Duty in crisis
I woke up to news that medical interns of the Philippine General Hospital volunteered to be part of the workforce, serving as frontliners and easing some of the load that the hospital staff had been struggling to carry. To explain: medical colleges have pulled out medical clerks and interns from their hospital duties, as these have yet to take their medical boards and swear the Hippocratic Oath. As a result, remaining hospital staff have struggled with the double load of caring for a steady influx of patients, as well as taking on the job of fallen comrades who have suffered from exposure or illness. Even elderly senior doctors, long settled into practice, have been called to the battle in varying capacities. Those interns who have volunteered to work are surely welcome at the frontlines.
It is a time for duty. It’s not a time for endlessly ruing the domino line of decisions that have gotten us to our current status. It is also, one might argue, not a time for dwelling on critique of the government and those of its agencies that are hapless and poorly coordinated—not because we sympathize with our incoherent President or his allies, and not because we ought not to exercise our right to free speech, but because we’ve been shown time and again that public outcry doesn’t matter to the powers that be, and time is of the essence.
Some romanticize our bayanihan spirit. Misty-eyed commentators have commended Filipinos for love and unity in times of crises. But it’s simply the time for action and the recognition of one’s duty to the community, as the situation uniquely calls for cooperation from all sectors, otherwise we would all be bound for failure. It truly is a time for everyday heroism, and for picking up the slack where the government cannot, or will not, because we have been left with no choice.
Over the weekend, acts of heroism and appreciation popped up here and there. Restaurants bringing food and drink to frontliners. Communities carefully sewing face masks. A licensed chemist distributing ethyl alcohol for free. Supermarkets doing their part to curb hoarding of supplies. Groups raising funds for the procurement of test kits and protective equipment, or for validation and production of the kits developed by the University of the Philippines and its allied researchers. And now, medical students and other health care trainees shouldering burdens and manning posts beyond their requirements.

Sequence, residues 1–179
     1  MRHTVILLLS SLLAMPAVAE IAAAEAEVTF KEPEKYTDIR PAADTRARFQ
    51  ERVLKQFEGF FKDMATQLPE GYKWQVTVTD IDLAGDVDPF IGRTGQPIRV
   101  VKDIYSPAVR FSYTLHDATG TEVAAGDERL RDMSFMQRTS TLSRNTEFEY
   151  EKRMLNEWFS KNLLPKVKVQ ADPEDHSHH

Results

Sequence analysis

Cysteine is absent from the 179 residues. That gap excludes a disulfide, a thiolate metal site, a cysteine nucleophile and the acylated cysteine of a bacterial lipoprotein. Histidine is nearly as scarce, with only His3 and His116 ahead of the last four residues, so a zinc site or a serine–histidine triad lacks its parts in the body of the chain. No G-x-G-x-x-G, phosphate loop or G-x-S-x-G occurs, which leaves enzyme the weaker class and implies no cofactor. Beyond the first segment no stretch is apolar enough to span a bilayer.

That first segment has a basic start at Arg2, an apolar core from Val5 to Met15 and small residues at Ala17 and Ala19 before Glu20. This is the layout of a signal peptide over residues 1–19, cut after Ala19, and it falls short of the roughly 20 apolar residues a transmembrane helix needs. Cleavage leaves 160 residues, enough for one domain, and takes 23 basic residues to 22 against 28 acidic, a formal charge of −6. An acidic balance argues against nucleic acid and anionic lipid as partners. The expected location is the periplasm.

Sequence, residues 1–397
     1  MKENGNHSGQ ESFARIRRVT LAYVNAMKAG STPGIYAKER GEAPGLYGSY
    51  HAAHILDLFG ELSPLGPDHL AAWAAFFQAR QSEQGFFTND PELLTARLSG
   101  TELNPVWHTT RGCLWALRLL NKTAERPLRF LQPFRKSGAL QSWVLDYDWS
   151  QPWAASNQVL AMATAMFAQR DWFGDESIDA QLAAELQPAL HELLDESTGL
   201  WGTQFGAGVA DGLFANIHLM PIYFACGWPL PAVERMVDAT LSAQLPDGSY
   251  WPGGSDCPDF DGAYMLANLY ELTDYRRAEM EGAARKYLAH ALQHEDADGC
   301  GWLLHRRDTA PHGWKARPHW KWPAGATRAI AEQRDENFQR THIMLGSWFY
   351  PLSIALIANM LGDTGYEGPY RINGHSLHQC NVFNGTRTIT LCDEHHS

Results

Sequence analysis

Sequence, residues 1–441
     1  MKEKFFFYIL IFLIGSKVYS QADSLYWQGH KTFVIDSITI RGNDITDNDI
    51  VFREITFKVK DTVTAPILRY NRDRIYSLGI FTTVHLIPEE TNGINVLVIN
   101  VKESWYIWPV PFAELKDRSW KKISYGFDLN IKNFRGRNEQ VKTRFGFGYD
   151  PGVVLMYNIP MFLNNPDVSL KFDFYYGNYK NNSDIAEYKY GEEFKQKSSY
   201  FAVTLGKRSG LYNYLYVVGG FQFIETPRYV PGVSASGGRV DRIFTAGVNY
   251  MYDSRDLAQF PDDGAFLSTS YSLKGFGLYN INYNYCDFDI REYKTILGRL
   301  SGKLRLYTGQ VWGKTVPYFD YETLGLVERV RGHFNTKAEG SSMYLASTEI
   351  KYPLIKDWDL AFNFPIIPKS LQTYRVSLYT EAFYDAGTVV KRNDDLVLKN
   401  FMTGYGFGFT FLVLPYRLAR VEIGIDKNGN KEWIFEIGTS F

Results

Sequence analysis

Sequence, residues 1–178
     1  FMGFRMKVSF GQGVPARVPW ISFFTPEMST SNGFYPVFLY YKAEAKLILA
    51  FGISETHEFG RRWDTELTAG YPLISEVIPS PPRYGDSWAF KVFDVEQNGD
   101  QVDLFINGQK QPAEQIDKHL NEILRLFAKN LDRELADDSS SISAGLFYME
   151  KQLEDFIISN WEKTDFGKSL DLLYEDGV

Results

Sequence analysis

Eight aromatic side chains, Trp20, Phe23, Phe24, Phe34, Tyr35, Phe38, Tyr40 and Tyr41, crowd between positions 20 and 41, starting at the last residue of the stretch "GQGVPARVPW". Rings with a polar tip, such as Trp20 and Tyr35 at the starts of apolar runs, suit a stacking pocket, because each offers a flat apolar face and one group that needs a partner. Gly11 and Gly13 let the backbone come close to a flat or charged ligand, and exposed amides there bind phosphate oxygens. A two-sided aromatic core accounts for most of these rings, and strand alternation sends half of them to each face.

A Facebook post by a layperson went viral this week as it criticized those who insist on congratulating, consoling, or praising those at the frontlines of health care, saying that health care professionals doing their part are paid to do so and should expect no thanks; but no payment or reward is commensurate to the fear of exposure, or the fear of exposing loved ones in turn. No payslip is enough enticement for the forced isolation, as the rest of the Philippines settles down to long peaceful stays at home, while health care workers, and those likewise at risk of exposure, isolate themselves from their family members and loved ones.
Perhaps no thanks are due, but the recognition that they are doing their duty at great personal risk might be welcome. This isn’t volunteerism but a sense of duty and knowing one’s part: the enactment of principles which, most days, seem abstract but which become very real, very fast in the face of a pandemic.
It would also behoove us to remember that we all have a duty, too — not to offer goods or services if we can’t, but to do our part in slowing down the spread of contagion, and looking out for the welfare of communities at large. The efforts of frontliners are useless if the rest of us don’t cooperate, and yet we still see restaurants and other gathering places packed with people. We still have companies that could allow staff to work remotely, but have not done so. This carelessness undermines the work of those in the so-called trenches of the pandemic, and is a clear failure to do the duty of an ordinary Filipino in this time of crisis. To paraphrase Milton: they also serve who stay at home and wait.
The Inquirer Foundation supports our healthcare frontliners and is still accepting cash donations to be deposited at Banco de Oro (BDO) current account #007960018860 or donate through PayMaya using this link .
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